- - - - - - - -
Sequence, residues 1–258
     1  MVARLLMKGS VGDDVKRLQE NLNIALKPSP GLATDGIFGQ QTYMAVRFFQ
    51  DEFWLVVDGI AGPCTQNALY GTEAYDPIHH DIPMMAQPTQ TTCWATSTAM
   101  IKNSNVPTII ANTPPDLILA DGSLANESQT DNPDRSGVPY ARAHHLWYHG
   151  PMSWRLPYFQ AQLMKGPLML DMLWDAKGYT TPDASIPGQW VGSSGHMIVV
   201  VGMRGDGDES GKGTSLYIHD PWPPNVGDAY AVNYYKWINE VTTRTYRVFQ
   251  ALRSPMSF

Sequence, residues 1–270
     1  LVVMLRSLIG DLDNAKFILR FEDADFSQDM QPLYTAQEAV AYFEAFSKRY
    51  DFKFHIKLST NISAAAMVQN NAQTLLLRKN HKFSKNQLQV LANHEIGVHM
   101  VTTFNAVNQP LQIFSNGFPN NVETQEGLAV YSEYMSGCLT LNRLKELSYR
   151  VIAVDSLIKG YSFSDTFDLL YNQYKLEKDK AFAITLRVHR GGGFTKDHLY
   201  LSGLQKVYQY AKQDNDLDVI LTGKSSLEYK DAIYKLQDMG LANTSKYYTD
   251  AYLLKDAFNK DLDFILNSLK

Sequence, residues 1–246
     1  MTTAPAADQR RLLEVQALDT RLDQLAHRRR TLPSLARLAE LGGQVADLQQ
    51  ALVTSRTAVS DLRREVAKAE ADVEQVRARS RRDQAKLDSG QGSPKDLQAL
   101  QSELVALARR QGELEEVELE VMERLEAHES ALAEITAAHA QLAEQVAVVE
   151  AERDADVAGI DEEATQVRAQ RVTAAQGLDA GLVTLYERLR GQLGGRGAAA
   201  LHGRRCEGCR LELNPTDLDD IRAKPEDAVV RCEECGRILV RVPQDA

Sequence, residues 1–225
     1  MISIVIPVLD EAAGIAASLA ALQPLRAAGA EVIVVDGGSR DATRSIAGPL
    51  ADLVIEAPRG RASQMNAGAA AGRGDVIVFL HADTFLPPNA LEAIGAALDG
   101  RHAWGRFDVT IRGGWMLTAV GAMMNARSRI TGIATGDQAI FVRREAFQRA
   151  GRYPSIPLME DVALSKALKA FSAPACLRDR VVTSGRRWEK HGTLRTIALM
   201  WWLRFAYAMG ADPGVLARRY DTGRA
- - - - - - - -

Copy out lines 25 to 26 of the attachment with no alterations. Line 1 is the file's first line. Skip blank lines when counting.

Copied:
   151  GRYPSIPLME DVALSKALKA FSAPACLRDR VVTSGRRWEK HGTLRTIALM
   201  WWLRFAYAMG ADPGVLARRY DTGRA